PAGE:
Don't you just hate spoilers? I do, too. That's why I always try to include warnings. However, I sometimes ramble a bit too much here or there and maybe a few (or many) key plot points slip without me giving proper notice. So I'd like to include a blanket spoiler warning for the weary internet travelers of the world: Here There Be Spoilers. You've been warned.

Wednesday, July 10, 2013

Flowers of Evil (Aku no Hana)

While I'd love to say this post is about the old Mountain album of the same name and how kickass the title song from that album is, this post is actually a review of the anime based on the manga which is in turn loosely based on French poet Charles Baudelaire's Les Fleurs du mal (which you can guess means The Flowers of Evil). While Mountain's song Flowers of Evil and album are not inspired by Baudelaire's work, the Marilyn Manson song The Flowers of Evil is so that should let you know things are going to be weird in this show. 

Now this anime is obviously not the manga and the characters look nothing like they do in the manga. Why? Well, the anime was filmed using the process of rotoscope. That means that the Japanese people look like actual Japanese people because they are (gasp!). For some reason I don't understand this has drawn a bit of criticism. No, it doesn't look like the manga, but so what? I like things to look a bit different every now and then. I mean, I've seen enough green-haired girls with anime eyes and anime hair that I honestly can't tell 'em apart anymore. But the red-haired girl named Nakamura in the anime adaptation of Flowers of Evil? I'll remember her for a while. Because she looked real and not as prettified by the animation process. In fact, this entire show has a real grimy and ugly look to it.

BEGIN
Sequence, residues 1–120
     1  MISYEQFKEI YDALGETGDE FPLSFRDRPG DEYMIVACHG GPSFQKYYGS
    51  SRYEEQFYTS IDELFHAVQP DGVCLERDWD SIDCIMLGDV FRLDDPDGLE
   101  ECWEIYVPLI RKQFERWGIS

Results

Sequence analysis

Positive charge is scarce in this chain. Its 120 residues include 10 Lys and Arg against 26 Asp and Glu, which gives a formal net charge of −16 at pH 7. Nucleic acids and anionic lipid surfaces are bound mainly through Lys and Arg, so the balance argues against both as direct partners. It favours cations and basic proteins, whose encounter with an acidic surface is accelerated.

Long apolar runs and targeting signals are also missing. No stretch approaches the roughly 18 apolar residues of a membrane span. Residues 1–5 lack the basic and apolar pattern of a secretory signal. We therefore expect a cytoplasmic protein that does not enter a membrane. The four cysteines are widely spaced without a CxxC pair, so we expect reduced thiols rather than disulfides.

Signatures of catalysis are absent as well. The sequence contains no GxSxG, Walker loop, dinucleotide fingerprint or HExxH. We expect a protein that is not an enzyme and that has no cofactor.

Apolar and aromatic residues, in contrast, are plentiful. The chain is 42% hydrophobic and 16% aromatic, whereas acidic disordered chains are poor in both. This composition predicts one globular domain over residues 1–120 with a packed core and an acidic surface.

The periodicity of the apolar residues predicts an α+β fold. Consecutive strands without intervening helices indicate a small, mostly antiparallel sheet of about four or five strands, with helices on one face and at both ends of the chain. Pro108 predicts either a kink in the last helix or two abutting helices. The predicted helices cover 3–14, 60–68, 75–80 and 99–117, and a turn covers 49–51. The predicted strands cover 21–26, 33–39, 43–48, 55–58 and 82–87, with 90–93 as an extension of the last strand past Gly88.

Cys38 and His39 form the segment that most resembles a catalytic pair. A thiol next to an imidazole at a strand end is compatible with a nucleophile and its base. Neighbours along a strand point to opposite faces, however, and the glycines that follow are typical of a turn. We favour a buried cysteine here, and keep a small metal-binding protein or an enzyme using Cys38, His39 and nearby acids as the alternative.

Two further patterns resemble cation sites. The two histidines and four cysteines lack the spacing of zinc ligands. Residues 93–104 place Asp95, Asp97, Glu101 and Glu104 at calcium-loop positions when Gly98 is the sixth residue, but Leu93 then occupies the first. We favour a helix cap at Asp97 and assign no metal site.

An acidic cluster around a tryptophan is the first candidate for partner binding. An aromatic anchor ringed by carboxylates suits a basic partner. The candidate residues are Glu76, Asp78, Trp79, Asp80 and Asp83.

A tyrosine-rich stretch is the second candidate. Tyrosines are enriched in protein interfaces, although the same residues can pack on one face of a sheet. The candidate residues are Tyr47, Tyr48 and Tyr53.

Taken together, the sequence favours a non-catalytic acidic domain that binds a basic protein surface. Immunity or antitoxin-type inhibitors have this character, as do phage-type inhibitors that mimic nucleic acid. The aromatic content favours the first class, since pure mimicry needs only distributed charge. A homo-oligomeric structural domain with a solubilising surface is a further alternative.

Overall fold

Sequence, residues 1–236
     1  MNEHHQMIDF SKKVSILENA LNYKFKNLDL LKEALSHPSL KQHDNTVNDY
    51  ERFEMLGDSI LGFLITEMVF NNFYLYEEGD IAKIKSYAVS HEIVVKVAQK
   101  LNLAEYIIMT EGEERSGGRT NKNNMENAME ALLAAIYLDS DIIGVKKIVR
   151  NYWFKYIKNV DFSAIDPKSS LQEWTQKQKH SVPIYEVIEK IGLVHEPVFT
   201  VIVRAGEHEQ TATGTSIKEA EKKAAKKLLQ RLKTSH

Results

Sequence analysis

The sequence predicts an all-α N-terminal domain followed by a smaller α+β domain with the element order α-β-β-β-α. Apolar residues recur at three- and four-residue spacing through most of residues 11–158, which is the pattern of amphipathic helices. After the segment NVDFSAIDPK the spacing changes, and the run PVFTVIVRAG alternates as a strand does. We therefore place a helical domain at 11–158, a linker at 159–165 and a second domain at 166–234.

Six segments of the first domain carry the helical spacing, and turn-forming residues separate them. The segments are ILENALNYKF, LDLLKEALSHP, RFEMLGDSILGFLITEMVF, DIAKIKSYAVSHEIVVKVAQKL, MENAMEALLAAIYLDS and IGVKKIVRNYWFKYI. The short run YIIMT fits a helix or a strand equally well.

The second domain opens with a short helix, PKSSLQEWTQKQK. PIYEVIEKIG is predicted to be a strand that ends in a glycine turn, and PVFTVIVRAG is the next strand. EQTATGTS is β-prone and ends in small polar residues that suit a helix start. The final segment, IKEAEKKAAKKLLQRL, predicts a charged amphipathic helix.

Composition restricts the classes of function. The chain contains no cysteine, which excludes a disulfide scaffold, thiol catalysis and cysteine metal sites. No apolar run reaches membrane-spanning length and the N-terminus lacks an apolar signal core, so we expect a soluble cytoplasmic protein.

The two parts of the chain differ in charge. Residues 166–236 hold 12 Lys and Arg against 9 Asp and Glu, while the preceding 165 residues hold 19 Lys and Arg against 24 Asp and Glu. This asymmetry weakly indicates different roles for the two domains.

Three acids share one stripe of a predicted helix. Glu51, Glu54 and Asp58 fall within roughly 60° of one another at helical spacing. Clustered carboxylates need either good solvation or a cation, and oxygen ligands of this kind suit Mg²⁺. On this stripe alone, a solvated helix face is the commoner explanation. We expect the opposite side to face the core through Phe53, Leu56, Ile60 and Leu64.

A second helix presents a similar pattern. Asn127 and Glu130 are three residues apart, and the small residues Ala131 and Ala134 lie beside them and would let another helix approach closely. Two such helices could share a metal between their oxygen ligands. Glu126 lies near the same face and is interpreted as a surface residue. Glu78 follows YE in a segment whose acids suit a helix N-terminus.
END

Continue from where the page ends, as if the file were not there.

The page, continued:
It's an experience and not just something you can draw because you own the How to Draw Anime book. Of course, I was the kid who owned the How to Draw the Titanic book when I was younger and you can learn a lot more by drawing real people then you can fake people, I can tell you that. Drawing real people is hard as hell because there are less lines and everything is less defined. Even the nose is a pain because half of the time it doesn't even look like it's there. Whereas in anime drawing all you have to do is make a check mark and boom, there's the nose! In anime eyes can just be horizontal lines for the far away scenes. In real life the lines aren't visible (and technically not even real lines) from far away and that's why a lot of the characters look more and more like blobs in this show the farther away from the camera they are. 

The animation isn't pretty, okay? But hey, people aren't pretty. Chances are even Charlize Theron has ugly toes or something. And that's kinda the point here and the point of the whole series so far. If you are so consumed by how something looks then you are obviously not focusing on what it is